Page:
1. Everybody loves a good headline, but headlines are meant to sell. If you don’t go into it with your eyes wide open, you could be very disappointed by some pretty good results.

  5. The sad part is people are running the numbers based on the hope they will get 12%, and by the time they hit their 40-50’s they might find they have come up woefully short. I have met people who tell me, “I used an online calculator 4 years ago and it said I need to save $350 a month, so that is what I do.” I would rather be save a bit more on the front end than come up short on the back end. Worst case, we retire early. Oh darn. =)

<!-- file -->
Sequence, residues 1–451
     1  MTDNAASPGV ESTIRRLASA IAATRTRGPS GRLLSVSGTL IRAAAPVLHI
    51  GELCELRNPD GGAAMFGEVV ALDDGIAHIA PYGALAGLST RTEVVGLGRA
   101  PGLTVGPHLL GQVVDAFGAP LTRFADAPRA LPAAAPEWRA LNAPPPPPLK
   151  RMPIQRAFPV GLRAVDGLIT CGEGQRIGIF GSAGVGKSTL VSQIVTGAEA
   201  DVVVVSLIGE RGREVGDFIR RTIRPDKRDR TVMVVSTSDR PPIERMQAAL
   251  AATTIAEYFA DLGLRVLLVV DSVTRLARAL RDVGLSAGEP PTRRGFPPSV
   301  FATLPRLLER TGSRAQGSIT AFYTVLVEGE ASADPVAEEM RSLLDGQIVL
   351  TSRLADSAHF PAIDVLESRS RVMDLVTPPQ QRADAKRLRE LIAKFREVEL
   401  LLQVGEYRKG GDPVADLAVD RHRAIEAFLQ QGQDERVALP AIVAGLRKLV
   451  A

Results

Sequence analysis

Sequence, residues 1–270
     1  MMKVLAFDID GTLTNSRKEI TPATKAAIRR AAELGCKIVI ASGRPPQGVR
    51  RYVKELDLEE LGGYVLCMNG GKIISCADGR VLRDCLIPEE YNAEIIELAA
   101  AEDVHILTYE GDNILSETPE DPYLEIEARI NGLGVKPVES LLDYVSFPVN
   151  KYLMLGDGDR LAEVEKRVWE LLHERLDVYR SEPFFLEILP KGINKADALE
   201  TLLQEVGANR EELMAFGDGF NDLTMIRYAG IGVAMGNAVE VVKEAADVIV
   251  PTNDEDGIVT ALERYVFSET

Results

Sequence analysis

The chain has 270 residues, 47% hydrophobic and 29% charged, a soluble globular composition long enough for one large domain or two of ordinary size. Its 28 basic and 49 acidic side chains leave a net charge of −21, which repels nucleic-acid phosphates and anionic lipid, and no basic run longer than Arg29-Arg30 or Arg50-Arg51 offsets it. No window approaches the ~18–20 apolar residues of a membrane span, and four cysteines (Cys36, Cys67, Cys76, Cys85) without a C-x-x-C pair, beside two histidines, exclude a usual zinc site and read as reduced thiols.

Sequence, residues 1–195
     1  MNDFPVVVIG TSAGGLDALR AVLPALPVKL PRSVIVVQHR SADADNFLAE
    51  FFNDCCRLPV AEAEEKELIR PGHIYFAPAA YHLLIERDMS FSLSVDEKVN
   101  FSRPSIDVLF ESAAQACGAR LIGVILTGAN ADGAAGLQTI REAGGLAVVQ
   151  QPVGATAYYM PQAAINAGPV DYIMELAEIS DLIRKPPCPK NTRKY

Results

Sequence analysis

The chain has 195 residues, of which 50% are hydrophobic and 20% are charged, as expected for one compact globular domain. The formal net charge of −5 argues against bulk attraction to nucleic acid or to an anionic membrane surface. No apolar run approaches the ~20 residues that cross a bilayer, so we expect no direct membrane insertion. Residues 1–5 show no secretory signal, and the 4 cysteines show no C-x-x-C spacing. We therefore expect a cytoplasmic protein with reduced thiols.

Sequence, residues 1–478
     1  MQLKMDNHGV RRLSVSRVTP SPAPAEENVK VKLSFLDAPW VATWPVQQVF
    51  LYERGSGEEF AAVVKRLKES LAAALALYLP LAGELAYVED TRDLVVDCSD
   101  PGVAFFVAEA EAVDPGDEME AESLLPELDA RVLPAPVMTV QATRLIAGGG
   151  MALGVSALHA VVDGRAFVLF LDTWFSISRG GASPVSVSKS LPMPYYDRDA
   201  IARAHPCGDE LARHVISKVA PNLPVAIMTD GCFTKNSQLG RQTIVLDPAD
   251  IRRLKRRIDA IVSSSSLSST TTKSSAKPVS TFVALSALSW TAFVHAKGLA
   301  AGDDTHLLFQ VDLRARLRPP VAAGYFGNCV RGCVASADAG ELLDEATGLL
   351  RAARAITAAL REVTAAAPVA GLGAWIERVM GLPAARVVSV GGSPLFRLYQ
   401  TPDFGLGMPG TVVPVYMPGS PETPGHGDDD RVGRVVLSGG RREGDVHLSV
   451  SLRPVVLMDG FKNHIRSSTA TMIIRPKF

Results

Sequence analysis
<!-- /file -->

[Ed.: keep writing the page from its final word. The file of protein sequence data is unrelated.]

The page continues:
1. I totally agree with you. When it comes to projections, I always try to err on the conservative side. I would much rather have more than I need in retirement than run out of money.

  6. Thanks for writing this post, Greg! It pains me to think of all of the people who have been led to believe they will get those unbelievably high returns and then get skunked. I was really happy to see the 6.53% return figure, as I always use 6% as an assumption when projecting future investment $.

    1. I usually use 6% when I figure projections through a calculator as well. I also adjust it for inflation (when I have the option). Using 6% seems relatively safe and helps account for fees as well.

    1. Thank you very much! I appreciate that 🙂 I hope the piece helps someone out there!

  7. This is very enlightening. You opened up a great point that hopefully everyone remembers when listening to investment people.